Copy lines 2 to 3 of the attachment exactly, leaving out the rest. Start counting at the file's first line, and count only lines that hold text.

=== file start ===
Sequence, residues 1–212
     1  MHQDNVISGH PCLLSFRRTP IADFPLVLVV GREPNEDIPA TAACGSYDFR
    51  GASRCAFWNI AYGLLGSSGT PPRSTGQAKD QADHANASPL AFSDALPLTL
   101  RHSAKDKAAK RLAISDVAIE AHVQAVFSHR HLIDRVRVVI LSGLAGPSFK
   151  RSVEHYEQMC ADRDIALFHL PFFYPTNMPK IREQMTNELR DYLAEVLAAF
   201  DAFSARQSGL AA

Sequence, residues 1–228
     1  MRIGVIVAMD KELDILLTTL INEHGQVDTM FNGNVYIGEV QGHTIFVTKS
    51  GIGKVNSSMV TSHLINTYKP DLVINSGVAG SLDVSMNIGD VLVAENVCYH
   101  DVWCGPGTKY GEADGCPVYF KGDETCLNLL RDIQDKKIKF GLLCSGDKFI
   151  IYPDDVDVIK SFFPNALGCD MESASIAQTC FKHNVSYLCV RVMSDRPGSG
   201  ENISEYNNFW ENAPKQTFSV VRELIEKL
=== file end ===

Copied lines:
     1  MHQDNVISGH PCLLSFRRTP IADFPLVLVV GREPNEDIPA TAACGSYDFR
    51  GASRCAFWNI AYGLLGSSGT PPRSTGQAKD QADHANASPL AFSDALPLTL